Now that the holidays are over and real life has me back, it is time to get a little more “real” about the bedtime attire. I am glad that the bed-shift has made some really nice progress and is as good as finished. But, today, I would like to take you back to the start of it and tell you a little about making the pattern.
Basically, the shift pattern started out as the chemise from the Sense & Sensibility Regency Underthings Pattern, which I already used for my first Regency chemise.
Starting from this, I reshaped the yoke and neckline to look more like the one in the picture from last week’s post.
As Regency shifts and chemises usually have necklines that are a bit on the wide side, it took me a while to puzzle out just how low and wide I wanted to make it to still be suitable for bedtime wear. With the help of the awesome historical sewing crowd on Facebook, I finally reached a decision. I have to thank everyone that replied yet again. You guys are the best help one can possibly wish for. :)
In this context, someone also directed my attention towards this extant chemise pattern from the Missouri Historical Society. It looks very much like what I had in mind:
In the end I used the overall width at the top and the strap length as a guide to shape a new yoke, which I then connected to the original pattern’s body. I distributed the strap length to be 6 inches at the front and 4 at the back, which, more or less, equals the proportions of the original pattern’s cleavage. But still, it turned out quite a bit higher than the original. I will probably only wear it for winter wear outside of bed, where it can hide under a chemisette or high-necked walking dress.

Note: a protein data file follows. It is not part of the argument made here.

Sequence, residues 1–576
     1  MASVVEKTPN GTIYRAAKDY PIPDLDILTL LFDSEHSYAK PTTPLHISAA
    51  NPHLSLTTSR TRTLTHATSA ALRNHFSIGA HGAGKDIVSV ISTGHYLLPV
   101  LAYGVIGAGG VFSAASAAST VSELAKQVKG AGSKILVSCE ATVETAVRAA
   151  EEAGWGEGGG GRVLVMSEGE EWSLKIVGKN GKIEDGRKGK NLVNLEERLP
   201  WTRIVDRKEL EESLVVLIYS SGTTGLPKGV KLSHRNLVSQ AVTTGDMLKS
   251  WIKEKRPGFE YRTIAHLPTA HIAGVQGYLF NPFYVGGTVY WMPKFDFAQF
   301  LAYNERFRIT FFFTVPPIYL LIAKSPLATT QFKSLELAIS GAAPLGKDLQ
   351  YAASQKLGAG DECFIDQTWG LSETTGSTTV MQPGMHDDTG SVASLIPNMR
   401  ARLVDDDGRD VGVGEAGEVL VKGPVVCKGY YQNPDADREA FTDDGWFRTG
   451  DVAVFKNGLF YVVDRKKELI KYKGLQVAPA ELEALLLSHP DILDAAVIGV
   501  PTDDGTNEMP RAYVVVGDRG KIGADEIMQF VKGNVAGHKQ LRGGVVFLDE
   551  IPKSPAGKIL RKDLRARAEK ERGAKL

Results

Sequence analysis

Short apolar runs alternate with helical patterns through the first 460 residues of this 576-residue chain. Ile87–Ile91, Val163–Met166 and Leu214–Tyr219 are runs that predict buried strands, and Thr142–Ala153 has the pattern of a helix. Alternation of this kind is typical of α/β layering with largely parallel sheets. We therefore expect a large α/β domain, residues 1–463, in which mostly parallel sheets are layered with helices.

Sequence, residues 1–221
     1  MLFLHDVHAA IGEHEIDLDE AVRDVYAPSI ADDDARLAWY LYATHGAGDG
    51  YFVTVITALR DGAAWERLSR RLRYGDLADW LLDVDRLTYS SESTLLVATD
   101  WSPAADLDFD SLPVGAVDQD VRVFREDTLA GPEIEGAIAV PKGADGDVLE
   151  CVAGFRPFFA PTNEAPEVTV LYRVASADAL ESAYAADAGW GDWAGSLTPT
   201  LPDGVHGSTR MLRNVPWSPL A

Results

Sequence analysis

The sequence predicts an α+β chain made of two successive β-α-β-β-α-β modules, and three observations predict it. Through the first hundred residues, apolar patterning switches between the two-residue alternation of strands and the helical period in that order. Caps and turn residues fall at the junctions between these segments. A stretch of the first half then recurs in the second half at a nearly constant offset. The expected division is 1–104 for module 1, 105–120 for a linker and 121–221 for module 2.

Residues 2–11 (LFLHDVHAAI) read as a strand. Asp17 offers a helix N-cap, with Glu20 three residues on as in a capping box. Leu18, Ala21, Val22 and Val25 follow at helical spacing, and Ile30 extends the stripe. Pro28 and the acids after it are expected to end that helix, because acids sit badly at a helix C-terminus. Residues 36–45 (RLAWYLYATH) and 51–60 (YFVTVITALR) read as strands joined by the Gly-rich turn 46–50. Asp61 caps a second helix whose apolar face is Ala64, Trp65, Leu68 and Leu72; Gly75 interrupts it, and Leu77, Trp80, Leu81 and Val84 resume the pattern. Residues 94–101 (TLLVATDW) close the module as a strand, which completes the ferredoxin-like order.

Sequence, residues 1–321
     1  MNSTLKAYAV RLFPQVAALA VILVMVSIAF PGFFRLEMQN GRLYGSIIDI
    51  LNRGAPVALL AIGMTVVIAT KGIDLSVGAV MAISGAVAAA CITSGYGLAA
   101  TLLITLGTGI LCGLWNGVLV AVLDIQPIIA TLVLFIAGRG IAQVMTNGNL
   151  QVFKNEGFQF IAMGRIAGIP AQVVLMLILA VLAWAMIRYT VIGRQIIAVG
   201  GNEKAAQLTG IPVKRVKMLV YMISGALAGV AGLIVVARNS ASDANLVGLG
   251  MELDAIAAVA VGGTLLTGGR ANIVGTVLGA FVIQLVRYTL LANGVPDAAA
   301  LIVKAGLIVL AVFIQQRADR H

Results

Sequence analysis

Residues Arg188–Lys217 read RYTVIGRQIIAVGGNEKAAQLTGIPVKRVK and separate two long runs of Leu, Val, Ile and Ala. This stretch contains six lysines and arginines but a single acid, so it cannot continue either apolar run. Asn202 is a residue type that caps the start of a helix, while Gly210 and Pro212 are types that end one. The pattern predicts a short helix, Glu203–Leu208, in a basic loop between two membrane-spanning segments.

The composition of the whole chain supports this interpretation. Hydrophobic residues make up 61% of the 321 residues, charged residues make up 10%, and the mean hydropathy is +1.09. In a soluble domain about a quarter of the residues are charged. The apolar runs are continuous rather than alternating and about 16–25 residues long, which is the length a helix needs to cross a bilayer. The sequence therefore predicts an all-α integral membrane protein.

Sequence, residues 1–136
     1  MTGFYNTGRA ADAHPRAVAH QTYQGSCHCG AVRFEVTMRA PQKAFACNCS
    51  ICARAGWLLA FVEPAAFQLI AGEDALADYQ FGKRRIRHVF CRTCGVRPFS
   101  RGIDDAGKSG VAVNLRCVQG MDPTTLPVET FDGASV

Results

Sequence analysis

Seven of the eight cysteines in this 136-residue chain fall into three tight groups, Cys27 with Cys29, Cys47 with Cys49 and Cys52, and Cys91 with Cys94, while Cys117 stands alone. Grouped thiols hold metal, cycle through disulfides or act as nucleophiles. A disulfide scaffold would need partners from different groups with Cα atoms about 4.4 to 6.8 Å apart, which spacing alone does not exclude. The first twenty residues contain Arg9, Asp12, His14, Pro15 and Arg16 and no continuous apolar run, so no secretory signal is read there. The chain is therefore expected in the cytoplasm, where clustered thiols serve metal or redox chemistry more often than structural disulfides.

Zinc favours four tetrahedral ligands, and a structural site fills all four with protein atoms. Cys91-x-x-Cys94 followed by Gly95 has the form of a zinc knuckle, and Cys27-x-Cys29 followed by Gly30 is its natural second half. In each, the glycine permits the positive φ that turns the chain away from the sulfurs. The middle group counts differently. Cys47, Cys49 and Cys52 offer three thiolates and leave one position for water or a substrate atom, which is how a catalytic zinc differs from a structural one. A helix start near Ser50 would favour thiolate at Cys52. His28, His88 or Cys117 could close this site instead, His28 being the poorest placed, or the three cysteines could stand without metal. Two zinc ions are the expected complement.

To make it all a tad longer than a day-wear shift, I simply went without shortening the pattern. Originally, it is probably meant to be knee-length for ladies about half a foot taller than me. When altering the pattern into a bed-shift, some of you might have to lengthen it at the designated marks…
And that was all about the bed-shift’s basic pattern. Another thing I changed was the neckline binding: Instead of making bias tape with the pattern’s binding guide, I used 3-inch wide strips of self-fabric, overlapping them at the corners of the neckline, to better preserve the square shape.
As in the original pattern, I fed a drawstring through the inside of the binding, to keep the shift from sailing off at night. (
This happens to you once and never again… ;) )
Oh, and I decided to add a monogram and some lace to the shift. But I will tell you more about that in the next post. Until then, I wish you all a Happy Halloween.
Much love, Nessa